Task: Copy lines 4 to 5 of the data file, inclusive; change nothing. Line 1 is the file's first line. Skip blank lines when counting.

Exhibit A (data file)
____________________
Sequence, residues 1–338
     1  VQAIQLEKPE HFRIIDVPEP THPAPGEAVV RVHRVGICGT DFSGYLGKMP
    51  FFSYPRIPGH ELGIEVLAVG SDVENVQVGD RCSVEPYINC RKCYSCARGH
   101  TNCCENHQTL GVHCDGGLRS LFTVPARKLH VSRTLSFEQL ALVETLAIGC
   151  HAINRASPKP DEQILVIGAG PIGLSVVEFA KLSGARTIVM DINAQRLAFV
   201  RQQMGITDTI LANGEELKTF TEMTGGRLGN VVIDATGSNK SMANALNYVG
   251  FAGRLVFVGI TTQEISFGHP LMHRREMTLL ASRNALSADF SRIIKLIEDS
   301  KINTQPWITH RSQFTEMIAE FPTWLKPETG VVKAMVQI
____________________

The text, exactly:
   101  TNCCENHQTL GVHCDGGLRS LFTVPARKLH VSRTLSFEQL ALVETLAIGC
   151  HAINRASPKP DEQILVIGAG PIGLSVVEFA KLSGARTIVM DINAQRLAFV